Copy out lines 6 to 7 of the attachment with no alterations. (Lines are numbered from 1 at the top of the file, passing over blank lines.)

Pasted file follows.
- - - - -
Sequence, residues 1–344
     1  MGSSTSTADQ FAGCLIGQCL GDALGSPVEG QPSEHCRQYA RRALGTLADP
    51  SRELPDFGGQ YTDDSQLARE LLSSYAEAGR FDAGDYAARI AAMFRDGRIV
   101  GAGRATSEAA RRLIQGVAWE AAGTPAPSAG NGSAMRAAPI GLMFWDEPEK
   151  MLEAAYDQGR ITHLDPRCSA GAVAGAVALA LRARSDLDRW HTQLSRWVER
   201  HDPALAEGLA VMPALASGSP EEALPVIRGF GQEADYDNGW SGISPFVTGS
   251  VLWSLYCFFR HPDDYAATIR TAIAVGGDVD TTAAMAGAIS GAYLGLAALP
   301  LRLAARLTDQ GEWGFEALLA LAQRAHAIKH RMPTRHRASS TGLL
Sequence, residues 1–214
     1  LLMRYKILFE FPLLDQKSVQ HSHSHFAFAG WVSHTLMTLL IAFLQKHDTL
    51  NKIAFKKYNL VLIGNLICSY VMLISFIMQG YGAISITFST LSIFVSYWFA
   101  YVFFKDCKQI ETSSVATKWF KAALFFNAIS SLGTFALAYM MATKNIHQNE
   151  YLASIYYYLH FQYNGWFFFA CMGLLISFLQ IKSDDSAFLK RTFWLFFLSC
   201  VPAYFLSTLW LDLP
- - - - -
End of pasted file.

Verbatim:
   201  HDPALAEGLA VMPALASGSP EEALPVIRGF GQEADYDNGW SGISPFVTGS
   251  VLWSLYCFFR HPDDYAATIR TAIAVGGDVD TTAAMAGAIS GAYLGLAALP